Covid Spike in Pacific Nation Raises Fear of Regional Spread
(Bloomberg) -- Papua New Guinea reported at least 260 new Covid-19 cases in the seven days ending on Feb. 28, its largest weekly rise, raising concerns the pandemic is worsening in the Pacific Islands region’s most populous nation.
With fears growing the virus may spread eastwards to other Pacific nations, the outbreak could have geopolitical implications. An Australian Broadcasting Corp. report on Feb. 5 said China was assisting Papua New Guinea with a supply of vaccines, citing Chinese foreign ministry spokesman Zhao Lijian. The government in Port Moresby denied the claim, it said.
Meanwhile, Western nations including the U.S. and nearby Australia are ramping up efforts to get alternative immunizations quickly on the ground in the Pacific.
According to a World Health Organization report dated March 1 seen by Bloomberg, “there are currently surges in several provinces across PNG, with major outbreaks in the National Capital District,” which includes the capital Port Morseby and provinces bordering Indonesia. Infected patients include a large number of health-care workers, prisoners and people on mine sites, the report said.
A separate report from Papua New Guinea health authorities seen by Bloomberg shows the number of virus cases nearly doubled every week in February.
“The virus seems to be ripping through the country and it all seems to have got too hard, too quickly for Papua New Guinea’s government to control,” said Jonathan Pryke, who heads research on the Pacific region for the Lowy Institute, a Sydney-based think tank.
An emailed request and a call for comment to the Papua New Guinea government wasn’t immediately answered.
Government data shows the virus has spread to Bougainville, taking it from the west of the country to the east.
“That is such a porous border, with a lot of communities that live on either side of it,” Pryke said. “There’s a big concern that this is going to keep moving east” toward the Solomon Islands and other areas of the Pacific, he said.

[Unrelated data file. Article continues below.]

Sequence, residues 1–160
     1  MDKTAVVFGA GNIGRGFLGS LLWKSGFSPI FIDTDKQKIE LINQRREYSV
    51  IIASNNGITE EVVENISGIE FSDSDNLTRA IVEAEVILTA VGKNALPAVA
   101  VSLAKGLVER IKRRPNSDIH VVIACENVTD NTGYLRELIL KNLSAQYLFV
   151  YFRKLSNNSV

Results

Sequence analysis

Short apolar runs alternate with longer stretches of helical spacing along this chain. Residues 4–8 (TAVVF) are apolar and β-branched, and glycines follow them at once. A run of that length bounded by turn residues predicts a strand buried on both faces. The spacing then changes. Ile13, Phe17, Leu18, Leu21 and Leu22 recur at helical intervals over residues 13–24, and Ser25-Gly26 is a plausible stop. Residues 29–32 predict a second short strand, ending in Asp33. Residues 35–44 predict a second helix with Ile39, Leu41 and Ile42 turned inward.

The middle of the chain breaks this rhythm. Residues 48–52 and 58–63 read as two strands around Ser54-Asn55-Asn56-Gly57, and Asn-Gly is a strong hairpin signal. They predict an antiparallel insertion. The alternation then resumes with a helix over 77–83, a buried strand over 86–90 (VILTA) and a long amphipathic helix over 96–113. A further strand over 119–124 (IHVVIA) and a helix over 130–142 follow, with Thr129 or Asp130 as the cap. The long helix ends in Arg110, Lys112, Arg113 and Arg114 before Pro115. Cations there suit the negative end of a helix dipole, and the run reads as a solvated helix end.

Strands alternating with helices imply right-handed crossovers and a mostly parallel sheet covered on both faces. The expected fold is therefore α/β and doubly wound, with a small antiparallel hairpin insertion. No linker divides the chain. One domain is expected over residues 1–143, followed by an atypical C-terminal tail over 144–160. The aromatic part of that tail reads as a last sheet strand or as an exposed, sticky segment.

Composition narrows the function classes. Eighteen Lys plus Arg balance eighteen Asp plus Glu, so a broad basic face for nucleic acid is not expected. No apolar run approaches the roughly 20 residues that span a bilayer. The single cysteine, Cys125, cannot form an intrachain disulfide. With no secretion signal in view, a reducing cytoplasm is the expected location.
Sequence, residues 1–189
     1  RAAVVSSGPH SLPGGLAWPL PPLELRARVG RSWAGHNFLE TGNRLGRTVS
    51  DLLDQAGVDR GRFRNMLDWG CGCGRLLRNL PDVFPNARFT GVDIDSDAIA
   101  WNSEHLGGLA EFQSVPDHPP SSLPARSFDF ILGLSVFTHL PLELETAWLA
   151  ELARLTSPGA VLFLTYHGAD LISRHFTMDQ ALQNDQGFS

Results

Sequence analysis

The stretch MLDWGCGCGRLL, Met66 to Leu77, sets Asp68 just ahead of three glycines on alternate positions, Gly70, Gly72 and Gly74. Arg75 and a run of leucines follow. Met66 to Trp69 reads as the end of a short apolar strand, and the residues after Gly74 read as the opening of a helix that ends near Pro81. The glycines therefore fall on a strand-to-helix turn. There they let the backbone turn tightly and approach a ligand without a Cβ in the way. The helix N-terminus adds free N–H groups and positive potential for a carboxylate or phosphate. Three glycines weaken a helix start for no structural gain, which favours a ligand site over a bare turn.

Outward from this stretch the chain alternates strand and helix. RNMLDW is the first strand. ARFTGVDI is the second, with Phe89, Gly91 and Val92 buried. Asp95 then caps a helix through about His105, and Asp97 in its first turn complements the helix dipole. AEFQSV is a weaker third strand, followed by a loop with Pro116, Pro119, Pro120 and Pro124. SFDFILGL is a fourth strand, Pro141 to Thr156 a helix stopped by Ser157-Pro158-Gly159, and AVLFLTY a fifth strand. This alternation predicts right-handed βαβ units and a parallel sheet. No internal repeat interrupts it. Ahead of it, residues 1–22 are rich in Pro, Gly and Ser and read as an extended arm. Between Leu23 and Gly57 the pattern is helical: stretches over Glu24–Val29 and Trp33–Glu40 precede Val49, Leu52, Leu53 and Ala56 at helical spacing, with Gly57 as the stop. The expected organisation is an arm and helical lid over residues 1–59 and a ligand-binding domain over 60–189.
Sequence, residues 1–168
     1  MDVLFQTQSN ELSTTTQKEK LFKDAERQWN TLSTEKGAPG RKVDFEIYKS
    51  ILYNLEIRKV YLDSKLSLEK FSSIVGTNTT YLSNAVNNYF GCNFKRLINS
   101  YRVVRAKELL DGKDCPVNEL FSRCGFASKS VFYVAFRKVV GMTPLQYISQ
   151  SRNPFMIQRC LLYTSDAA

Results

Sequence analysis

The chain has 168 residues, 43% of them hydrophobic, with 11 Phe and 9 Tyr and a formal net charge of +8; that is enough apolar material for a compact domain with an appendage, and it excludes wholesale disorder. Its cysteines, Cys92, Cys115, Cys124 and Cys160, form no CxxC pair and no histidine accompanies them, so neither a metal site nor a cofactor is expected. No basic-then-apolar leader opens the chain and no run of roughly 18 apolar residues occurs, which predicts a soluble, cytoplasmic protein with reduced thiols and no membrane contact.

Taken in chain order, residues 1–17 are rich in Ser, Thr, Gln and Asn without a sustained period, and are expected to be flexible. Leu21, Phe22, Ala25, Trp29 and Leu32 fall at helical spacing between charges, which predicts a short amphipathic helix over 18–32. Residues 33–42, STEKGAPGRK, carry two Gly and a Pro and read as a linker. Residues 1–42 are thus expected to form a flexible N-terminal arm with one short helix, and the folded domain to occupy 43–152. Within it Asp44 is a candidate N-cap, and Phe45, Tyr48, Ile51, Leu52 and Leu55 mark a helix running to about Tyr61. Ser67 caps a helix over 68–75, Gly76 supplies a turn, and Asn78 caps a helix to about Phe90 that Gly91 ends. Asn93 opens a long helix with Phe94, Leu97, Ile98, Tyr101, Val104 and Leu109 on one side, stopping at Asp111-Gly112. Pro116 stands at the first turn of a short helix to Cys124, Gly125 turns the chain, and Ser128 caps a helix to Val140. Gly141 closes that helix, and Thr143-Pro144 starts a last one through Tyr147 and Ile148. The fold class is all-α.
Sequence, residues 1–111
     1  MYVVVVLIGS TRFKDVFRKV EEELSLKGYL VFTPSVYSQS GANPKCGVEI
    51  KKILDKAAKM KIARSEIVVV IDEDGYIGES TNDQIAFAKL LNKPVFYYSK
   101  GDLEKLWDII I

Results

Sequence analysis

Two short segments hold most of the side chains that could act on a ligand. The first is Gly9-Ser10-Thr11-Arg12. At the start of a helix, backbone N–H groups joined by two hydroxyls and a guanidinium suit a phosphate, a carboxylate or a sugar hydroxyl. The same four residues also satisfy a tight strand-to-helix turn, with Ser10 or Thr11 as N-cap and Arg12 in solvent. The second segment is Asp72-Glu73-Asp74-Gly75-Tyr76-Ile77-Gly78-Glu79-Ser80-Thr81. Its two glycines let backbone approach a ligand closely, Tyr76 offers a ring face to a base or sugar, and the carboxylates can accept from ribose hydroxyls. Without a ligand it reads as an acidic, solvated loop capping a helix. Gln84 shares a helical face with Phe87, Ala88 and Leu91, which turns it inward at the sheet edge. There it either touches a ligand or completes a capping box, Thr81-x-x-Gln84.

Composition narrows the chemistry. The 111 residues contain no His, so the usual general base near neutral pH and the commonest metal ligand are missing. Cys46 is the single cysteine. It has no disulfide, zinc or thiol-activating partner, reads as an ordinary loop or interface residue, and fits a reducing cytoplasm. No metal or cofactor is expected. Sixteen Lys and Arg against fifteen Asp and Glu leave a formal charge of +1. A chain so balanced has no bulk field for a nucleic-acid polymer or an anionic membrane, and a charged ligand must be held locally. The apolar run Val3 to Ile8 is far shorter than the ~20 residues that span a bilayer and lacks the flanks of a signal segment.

The surge could prompt the government to consider getting China to supply it’s vaccine to the country.
Over the past decade, China’s growing influence in the 14-nation Pacific Islands -- whose cumulative population of just 13 million is sprawled over thousands of islands and atolls in a region stretching across 15% of the world’s surface -- has triggered alarm bells in the U.S. and Australia. Diplomats and intelligence officials fear Beijing’s ultimate goal may be to establish a naval base that would upend their military strategies.
The U.S., Australia and New Zealand are leading efforts to implement logistics to help build a vaccine program in the region. Financial Times reported Wednesday that the U.S. is working with Japan, India and Australia to develop a plan to distribute Covid-19 vaccines to countries in Asia as part of a broader strategy to counter China’s influence.
Australia, which is in the midst of worsening ties with Beijing that have spilled over into trade reprisals from its largest trading partner, has committed more than A$200 million ($156 million) to the Gavi alliance that will help immunize high-risk populations in developing countries, including most of the Pacific. It’s also donating another A$500 million over three years to Pacific nations to bolster the logistics and supply chains it implement the program.
However, there are questions about its ability to help get the vaccine delivered quickly, especially as it only began its own domestic roll out last month.
According to Pryke at Lowy, Papua New Guinea might lose its patience as the virus spreads and turn to China for its vaccine, prompting other Pacific nations to follow its lead.
“If Australia is not the one to be seen leading the way in assisting the roll out in vaccinations in a pandemic that’s been going for almost a year, that’s a bad look,” he said.
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